I also consider one of my roles in this group project as keeping the group’s morale up and encouraging everyone in their endevours during this project.  I think I took on quite a lot of responsibility during this project but was happy to do so as I am quite impatient and like to get things organised efficiently and effectively to produce the best possible outcome all round.

I enjoyed working on this group project and felt an overwhelming sense of satisfaction on pride on completing this project.  I feel that all group members worked together fantastically and harmoniously.  I would say that my strengths during this project were in the administrative and organizational processes and this was balanced out by William Danby’s technical abilities with Maddy Crossley’s assistance, Kath Howard and Jess Bent’s production of the wall pieces/prints and blog and Sarah Hughes and Tiffany Smith’s input into the draft proposal, poster and finishing touches to the sculpture and plinths.  Lee McDonald was a joy to work with and remained extremely humble and a team-player throughout the project.

Although the artworks produced during this project were not necessarily something I would have undertaken on my own, I enjoyed assisting in realizing our curatorial and artistic vision for the Council House foyer.  As mentioned in earlier posts we wanted to create something that they had not seen in the space before. Previously, the artwork had been mainly wall-hung pieces, however we wanted to change the space and create a playful nature in the somewhat intimidating, official space.  We did this by thinking about audience participation and Lee McDonald was an obvious choice to work with because of his interactive work.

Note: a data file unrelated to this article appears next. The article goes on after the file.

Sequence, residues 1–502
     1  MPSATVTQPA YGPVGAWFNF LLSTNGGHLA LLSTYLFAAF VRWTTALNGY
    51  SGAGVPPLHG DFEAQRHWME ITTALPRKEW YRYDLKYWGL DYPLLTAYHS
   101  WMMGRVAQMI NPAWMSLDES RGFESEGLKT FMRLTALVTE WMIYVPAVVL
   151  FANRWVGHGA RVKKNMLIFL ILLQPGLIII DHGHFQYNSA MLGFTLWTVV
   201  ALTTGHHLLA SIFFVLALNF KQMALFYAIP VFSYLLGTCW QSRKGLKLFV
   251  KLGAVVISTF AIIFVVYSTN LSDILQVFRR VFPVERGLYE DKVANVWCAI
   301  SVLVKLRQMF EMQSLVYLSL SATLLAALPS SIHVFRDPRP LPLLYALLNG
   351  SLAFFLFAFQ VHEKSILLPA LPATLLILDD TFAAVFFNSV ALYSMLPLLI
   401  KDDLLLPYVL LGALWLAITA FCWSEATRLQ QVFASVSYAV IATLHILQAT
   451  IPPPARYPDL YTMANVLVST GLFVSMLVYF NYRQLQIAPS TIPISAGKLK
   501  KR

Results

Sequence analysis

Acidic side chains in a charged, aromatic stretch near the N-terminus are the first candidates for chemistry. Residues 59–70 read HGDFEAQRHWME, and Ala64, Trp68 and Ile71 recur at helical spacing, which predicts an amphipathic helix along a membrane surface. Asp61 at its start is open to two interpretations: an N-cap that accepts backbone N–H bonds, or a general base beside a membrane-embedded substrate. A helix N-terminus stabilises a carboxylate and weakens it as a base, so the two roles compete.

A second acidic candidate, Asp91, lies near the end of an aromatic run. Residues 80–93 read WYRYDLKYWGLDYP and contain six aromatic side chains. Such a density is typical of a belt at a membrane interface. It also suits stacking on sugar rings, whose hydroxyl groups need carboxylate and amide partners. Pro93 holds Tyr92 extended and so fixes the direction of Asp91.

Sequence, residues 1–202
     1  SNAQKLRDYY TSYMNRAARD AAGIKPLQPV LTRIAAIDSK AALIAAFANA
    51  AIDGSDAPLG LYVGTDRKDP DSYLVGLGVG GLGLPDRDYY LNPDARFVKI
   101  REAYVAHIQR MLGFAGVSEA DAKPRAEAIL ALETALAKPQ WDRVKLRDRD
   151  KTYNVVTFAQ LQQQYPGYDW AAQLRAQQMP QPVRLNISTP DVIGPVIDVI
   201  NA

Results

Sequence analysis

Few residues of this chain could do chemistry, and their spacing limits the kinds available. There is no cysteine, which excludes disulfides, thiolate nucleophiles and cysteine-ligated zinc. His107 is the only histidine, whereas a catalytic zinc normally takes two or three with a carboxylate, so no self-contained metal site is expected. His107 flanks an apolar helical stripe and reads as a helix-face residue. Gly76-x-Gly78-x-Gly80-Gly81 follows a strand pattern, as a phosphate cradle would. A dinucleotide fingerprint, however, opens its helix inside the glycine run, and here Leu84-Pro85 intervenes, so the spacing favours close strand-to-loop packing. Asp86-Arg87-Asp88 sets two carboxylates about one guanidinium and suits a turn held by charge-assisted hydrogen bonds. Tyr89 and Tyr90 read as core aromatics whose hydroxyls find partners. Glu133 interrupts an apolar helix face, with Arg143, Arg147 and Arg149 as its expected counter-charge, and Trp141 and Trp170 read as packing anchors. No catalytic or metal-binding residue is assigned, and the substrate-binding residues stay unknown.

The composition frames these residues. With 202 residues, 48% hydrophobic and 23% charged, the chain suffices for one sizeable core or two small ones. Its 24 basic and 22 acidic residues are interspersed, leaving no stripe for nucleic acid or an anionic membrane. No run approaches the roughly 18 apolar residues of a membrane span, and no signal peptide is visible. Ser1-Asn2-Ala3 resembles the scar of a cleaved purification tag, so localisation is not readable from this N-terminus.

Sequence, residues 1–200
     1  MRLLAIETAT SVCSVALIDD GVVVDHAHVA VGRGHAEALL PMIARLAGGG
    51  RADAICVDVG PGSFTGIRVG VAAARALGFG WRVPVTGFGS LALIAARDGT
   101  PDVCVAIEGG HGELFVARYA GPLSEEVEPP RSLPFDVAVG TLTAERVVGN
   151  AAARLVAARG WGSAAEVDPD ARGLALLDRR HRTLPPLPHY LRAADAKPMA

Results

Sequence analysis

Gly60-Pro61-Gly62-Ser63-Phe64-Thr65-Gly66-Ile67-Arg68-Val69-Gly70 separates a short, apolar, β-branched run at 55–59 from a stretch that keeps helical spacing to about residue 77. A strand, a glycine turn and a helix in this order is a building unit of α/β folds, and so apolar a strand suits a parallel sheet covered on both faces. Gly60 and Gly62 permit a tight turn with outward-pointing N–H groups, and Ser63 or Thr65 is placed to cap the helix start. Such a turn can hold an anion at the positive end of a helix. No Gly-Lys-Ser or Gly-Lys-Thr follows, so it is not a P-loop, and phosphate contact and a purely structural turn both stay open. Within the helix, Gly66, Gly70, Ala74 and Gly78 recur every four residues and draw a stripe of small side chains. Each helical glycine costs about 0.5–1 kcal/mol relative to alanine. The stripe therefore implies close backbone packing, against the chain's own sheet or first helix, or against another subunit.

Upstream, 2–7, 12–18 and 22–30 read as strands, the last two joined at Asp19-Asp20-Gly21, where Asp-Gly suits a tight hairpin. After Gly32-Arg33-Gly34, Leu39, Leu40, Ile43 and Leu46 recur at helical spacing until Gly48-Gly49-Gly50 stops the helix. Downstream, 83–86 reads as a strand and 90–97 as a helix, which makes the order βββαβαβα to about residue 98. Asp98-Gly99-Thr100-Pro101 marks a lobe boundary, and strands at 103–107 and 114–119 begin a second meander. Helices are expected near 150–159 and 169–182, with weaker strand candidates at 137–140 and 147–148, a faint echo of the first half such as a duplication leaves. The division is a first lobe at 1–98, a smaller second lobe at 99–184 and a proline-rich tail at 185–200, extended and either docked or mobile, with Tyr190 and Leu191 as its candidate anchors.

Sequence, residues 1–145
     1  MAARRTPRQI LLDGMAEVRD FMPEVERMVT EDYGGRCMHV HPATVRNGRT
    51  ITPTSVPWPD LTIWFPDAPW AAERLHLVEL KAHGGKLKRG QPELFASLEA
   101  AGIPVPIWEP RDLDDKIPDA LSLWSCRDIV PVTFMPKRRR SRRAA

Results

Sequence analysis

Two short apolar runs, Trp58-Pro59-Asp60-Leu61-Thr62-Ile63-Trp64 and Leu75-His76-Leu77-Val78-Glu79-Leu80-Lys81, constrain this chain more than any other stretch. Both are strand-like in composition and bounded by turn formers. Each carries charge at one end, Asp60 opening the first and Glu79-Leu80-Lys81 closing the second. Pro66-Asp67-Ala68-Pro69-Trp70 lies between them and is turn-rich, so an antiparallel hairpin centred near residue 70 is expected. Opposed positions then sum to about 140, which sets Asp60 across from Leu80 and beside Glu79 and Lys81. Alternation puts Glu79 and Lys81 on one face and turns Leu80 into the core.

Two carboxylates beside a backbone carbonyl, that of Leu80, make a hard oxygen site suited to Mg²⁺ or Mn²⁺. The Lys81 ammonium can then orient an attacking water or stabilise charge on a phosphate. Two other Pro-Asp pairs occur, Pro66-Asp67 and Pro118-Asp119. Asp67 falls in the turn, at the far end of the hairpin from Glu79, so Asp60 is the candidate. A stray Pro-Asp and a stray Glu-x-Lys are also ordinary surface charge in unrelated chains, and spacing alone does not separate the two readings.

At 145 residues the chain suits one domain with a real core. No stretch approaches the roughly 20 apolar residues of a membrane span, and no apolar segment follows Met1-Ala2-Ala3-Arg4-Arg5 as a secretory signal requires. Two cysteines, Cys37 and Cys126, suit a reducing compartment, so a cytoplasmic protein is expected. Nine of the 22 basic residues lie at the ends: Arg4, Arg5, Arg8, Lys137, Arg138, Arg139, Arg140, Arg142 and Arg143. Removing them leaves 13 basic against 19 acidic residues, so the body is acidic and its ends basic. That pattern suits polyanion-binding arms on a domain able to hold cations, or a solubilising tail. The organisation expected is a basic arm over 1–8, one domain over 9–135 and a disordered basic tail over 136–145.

By accurately measuring the space, we prepared ourselves well for all eventualities with the sculpture and wall pieces fitting perfectly within the space without causing obstruction.

The feedback we received was excellent and I feel we that we achieved what we set out to do.

This project was one of the main highlights of the BA (Hon) Fine Art, Critical & Curatorial Practices course and I am delighted that I was part of it.  The line between artist and curator was undoubtedly blurred during this assignment and I savoured every moment.

 

 

Press Release

On 15 May I was nominated by the group to draft up the press release for The Orangery exhibition.  I shared this with the group on our Facebook page and also emailed our tutor Edith Doove:

Title, 2014
Art Exhibition

The Orangery, Saltram House

Dates

Plymouth College of Art BA (Hon) Fine Art, Critical and Curatorial Practices third year students are delighted to present a new body of work in The Orangery, Saltram House. The exhibition aims to encourage the visitor to reflect on Saltram’s stunning environment by considering the auditory ambience of the historic grounds.

In collaboration with students of the music production centre Deep Blue Sound Ltd the main featured work will comprise of a contemporary sound piece to compliment the ground’s timeless landscape. By combining audio recordings of Saltram’s natural surroundings with classical music and relevant literary spoken text the artists hope to provide the visitor with an inclusive sensory experience – evoking ideas of escapism, aura and place.

?names of students?

?private performance event?